Review: Tracking troubled genius ‘Amazing Nina Simone’

Tom Long
The Detroit News

The documentary “The Amazing Nina Simone” leaves no doubt that Nina Simone was indeed amazing, but it ignores an opportunity to go beneath the surface and explore the intersection of genius and madness that troubled Simone in her later years.

Still, the film, written and directed by Jeff L. Lieberman, works as a straight biographical portrait, and what a subject it has to work with. Simone’s personal ferocity, her stunning talent and unique approach to modern music all come burning through — how could they not? — and the sheer wonder of her rise to fame and politicization makes hers a captivating story.

Nina Simone was born Eunice Waymon in 1933, the sixth child of a preacher mother and musical father whose entire family fit into a small, run-down wooden house in Tyron, North Carolina. By the age of 3, Eunice was playing piano and soon began taking classical piano lessons from a local teacher.

Her character became evident at her first formal recital at the age of 12. When white people in attendance forced her black parents to abandon their front-row seats and move to the back of the hall, Eunice declared she wouldn’t perform unless her parents were brought back to the front. Her parents were re-seated, and Simone’s lifelong habit of demanding respect from her audience was established.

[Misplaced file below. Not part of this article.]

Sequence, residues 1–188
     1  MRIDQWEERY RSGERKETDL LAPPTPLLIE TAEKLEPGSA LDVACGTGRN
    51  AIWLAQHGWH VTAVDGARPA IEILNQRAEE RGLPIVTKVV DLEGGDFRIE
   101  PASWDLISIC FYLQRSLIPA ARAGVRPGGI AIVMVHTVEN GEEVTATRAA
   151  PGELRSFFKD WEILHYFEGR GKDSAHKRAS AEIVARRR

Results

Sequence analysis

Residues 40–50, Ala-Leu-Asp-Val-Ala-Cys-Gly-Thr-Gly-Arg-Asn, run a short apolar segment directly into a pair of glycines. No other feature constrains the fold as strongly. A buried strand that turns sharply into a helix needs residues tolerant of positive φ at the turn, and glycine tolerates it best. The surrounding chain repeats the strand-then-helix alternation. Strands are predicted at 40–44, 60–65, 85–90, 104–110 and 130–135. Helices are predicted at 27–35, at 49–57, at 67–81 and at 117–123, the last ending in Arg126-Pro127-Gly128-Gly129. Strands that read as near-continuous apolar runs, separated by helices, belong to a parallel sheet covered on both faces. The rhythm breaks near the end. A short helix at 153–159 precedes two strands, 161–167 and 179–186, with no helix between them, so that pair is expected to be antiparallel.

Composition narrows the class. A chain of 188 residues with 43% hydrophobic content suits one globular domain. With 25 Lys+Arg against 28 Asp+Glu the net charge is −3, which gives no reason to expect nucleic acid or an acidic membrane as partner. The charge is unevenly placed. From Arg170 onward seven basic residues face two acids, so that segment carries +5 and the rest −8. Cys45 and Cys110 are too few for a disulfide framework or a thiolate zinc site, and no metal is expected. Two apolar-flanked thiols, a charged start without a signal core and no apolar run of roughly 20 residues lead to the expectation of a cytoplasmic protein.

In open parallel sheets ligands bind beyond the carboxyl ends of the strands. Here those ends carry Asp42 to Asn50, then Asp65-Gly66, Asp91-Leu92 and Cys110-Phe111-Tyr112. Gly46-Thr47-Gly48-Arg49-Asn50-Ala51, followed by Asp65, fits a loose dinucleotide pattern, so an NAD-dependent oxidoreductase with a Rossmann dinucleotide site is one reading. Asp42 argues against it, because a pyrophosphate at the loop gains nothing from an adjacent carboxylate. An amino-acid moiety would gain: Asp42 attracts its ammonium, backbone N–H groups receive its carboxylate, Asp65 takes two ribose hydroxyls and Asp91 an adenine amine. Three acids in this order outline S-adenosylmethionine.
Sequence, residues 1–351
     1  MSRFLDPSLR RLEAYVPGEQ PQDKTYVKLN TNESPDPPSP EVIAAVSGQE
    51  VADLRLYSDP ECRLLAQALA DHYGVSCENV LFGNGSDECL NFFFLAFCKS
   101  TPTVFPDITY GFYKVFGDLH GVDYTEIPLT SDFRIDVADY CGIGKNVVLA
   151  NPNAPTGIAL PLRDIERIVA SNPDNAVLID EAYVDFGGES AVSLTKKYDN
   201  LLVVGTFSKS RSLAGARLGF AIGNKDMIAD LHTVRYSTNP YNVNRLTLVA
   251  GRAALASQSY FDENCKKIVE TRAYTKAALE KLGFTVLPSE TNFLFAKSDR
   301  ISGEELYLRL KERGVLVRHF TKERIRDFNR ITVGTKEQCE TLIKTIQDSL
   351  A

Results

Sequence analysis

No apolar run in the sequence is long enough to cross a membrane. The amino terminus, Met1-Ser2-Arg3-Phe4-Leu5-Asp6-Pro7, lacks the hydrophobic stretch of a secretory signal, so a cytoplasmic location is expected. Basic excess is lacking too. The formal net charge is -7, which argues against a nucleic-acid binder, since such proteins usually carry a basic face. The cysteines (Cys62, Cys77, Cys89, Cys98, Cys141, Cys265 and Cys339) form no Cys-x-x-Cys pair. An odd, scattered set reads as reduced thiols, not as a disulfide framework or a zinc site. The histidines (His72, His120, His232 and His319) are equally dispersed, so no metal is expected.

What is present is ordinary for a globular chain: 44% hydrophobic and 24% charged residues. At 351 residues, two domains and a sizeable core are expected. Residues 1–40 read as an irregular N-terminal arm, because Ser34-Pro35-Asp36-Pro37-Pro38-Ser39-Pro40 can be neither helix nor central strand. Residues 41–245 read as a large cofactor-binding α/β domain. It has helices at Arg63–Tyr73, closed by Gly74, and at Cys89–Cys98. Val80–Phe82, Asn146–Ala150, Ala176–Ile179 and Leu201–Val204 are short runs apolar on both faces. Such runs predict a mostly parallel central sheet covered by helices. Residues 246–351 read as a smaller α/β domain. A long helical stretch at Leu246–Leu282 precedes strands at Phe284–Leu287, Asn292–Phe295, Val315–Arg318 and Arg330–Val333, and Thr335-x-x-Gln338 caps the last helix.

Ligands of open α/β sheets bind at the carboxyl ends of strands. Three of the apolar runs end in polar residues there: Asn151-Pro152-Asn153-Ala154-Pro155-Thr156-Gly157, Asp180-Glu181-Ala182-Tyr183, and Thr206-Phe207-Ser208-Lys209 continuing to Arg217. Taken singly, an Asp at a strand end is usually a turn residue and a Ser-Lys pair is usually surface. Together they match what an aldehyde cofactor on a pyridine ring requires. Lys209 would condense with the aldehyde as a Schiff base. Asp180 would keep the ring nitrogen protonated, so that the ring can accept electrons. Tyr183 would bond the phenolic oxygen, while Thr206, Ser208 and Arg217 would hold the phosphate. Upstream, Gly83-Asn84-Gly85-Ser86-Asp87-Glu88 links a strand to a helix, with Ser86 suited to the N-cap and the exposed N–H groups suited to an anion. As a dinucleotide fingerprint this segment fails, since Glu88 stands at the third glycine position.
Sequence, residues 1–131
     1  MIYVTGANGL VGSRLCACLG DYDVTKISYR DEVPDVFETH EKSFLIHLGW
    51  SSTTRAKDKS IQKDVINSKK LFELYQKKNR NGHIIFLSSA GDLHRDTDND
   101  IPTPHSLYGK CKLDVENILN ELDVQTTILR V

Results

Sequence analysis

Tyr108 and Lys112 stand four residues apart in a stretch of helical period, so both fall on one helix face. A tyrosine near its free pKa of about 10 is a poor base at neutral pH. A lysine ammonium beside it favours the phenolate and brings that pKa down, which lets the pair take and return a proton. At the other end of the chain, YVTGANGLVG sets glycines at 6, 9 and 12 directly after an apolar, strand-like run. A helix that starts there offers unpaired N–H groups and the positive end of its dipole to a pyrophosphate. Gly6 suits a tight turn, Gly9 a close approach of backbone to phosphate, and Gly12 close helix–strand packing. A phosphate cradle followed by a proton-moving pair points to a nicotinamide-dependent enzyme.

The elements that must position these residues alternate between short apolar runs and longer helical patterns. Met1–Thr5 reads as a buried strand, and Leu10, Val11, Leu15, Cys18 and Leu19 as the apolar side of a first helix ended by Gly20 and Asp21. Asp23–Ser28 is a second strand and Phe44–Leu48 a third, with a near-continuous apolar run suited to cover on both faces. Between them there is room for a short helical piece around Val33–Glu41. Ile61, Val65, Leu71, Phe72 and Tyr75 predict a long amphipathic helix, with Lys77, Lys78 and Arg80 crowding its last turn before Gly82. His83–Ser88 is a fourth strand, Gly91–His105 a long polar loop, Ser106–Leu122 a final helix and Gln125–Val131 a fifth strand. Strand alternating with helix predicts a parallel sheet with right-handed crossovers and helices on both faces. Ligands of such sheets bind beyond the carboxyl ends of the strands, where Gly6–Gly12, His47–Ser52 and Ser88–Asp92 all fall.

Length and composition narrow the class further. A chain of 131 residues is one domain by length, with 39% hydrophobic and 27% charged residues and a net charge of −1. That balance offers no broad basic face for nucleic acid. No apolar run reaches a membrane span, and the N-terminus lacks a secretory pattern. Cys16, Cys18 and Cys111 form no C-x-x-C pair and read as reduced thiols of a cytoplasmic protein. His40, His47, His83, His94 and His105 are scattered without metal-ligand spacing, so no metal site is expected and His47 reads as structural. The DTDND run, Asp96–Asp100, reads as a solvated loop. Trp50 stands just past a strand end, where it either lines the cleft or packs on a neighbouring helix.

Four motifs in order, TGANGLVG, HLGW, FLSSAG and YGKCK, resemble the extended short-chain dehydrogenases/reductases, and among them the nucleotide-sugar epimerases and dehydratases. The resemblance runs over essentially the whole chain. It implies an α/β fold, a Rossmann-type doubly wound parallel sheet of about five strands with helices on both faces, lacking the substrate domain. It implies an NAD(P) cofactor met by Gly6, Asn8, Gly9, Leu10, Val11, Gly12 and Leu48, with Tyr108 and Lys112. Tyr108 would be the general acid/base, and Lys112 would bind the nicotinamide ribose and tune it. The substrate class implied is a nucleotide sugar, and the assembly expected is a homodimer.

Eunice won a summer scholarship to study classical music at Julliard in New York City after high school, but was later turned down for a full scholarship at a prestigious school in Philadelphia, likely due to being black and a woman. Finding herself unemployed, she auditioned for a job at a bar in Atlantic City, but was told she’d have to also sing to get the gig. So she started singing.

She also took on the stage name Nina Simone, afraid that her religious mother would be aghast to find Eunice performing in a bar.

From there, Simone took off, mixing elements of classical, jazz, folk, blues and anything else she heard into a completely unique sound. She was simply too original to become a true pop star, but throughout the ’60s, she built a following and reputation, and when she became active in the civil rights movement, her fierce nature rose up in songs and performances that were riveting.

Unfortunately, “The Amazing Nina Simone” can only glance at those moments — no songs are performed in full, and the movie leaves a craving for more, more. It’s a point of frustration.

Then, as Simone ages, she becomes undeniably mentally ill, hearing sounds on stage, lashing out at audiences. The film softens this long period a bit, preferring the upbeat, but this is one of the more interesting things about Simone’s admittedly fascinating life. Was she driven to madness or driven by madness? There’s no easy answer, of course, but it’s a question worth more exploration.

Tom Long is the former Detroit Newsfilm critic.

‘The Amazing Nina Simone’


Not rated

Running time: 110 minutes

At the Detroit Film Theatre